Michael Vaughan was today set to lead England on an open-top bus parade through London to celebrate his country's first Ashes triumph in a generation - but he is already planning his team's next great challenge too.

Vaughan last night enjoyed the moment of triumph, alongside series-clinching batsman Kevin Pietersen, after a hard-fought draw at The Oval had seen off Australia 2-1 to win the Ashes for the first time since 1986-87.

But the captain acknowledges England's emergence as a force at the top of the world cricket rankings has to be consolidated - starting with this winter's trips to the sub-continent to face Pakistan before Christmas and then India next spring.

Vaughan doubts whether the furore of the 2005 Ashes can ever be approached again - however successful England go on to be in the years to come - but he is determined to try to bring his team's supporters the lasting success they crave.

"The response the public has given us throughout the whole summer means I am not too sure cricket will ever get to the same level again," said Vaughan.

"I hope it does and I play in many more like this - but it is unlikely. It has been an extraordinary team effort, and I am just the lucky one who picked up the urn."

World cricket is yet to see an official change in its power base, according to International Cricket Council rankings which still have Australia clear at the top - and Vaughan is prepared to accept this summer's beaten tourists are still top dogs.

"They have won home and away for a number of years, and we have yet to win on the sub-continent as a side. That challenge comes this winter in India and Pakistan," he said.

While Vaughan was sanguine enough amid the scenes of celebration to assess the merits of his side, Pietersen was in the middle of the best day of his life as the South Africa-born batsman's maiden hundred sealed England's success.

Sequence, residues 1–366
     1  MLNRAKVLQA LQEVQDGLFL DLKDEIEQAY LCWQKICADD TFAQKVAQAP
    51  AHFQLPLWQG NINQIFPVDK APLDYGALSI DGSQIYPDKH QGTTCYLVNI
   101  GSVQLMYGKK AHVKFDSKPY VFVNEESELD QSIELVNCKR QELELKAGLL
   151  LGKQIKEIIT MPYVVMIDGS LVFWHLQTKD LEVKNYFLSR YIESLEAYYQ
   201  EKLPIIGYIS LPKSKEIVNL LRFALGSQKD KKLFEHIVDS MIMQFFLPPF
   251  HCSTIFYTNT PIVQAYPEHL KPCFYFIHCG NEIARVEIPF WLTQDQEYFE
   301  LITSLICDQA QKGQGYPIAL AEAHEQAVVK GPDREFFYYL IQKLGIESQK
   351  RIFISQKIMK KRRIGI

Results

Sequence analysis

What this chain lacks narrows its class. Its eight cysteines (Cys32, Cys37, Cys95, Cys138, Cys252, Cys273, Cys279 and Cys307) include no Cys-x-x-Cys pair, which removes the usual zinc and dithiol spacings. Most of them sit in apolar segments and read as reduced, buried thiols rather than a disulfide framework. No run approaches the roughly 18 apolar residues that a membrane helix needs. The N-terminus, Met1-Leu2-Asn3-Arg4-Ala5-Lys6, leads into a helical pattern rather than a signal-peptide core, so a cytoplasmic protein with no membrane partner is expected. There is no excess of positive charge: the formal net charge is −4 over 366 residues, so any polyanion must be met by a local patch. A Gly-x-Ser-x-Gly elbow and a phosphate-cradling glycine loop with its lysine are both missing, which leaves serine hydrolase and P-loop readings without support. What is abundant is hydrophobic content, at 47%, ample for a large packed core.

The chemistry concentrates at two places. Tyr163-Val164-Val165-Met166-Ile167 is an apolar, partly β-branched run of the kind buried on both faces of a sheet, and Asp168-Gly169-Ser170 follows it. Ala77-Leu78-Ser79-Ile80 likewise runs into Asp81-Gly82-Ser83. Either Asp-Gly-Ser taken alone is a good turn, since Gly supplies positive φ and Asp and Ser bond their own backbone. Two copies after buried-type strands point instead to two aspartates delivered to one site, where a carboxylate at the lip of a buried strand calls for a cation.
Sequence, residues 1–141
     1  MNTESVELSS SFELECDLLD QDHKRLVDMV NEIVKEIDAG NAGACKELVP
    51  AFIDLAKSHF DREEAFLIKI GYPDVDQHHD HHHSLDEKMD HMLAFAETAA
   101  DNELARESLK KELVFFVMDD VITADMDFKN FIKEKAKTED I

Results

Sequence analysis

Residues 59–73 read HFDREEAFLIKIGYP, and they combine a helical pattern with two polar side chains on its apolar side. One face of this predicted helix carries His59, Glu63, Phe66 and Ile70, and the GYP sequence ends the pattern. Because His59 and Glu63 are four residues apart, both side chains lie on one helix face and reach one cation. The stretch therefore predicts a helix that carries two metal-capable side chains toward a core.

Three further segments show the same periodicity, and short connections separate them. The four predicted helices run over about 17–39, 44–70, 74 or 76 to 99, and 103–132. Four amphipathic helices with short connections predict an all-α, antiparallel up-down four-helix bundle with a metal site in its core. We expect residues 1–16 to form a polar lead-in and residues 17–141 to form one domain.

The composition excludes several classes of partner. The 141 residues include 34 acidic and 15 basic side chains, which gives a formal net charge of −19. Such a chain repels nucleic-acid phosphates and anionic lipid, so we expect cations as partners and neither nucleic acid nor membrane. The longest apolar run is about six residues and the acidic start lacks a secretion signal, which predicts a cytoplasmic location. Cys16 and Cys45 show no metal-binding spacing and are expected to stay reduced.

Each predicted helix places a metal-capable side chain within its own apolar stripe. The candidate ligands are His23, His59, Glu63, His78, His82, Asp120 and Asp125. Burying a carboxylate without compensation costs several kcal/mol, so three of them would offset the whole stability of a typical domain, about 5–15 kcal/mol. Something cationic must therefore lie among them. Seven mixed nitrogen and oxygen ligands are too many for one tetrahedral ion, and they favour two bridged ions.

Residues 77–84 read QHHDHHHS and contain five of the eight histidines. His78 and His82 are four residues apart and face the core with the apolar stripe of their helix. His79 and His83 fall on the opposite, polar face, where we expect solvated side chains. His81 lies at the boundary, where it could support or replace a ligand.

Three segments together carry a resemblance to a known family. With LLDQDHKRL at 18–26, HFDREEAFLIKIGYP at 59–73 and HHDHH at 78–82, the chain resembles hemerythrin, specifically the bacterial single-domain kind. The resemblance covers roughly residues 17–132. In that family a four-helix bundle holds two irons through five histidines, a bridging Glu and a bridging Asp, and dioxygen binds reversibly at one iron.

He struck 158 to defy Australia on the final day of a series which has tested nerves and skill in equal measure throughout.

The action was as fraught yesterday as at any time over the past two months, Pietersen's 158 keeping the Australians at bay long enough to preclude any hope of a last-ditch run chase.

The 25-year-old had luck on his side - not least when dropped at slip by his great friend and rival Shane Warne on 15 - but it was his contribution which put England out of reach during a final session which eventually saw Vaughan's men bowled out for 335.

Warne finished with 12 wickets in the match and 40 in the series - but yesterday belonged to Pietersen more than anyone.

"I would be stupid to say I have ever had a better day,"he said. "That is the best innings I will ever play - with all the circumstances it would be difficult to beat that."

""Everybody loves being in each other's company in this team. The whole summer has been fantastic.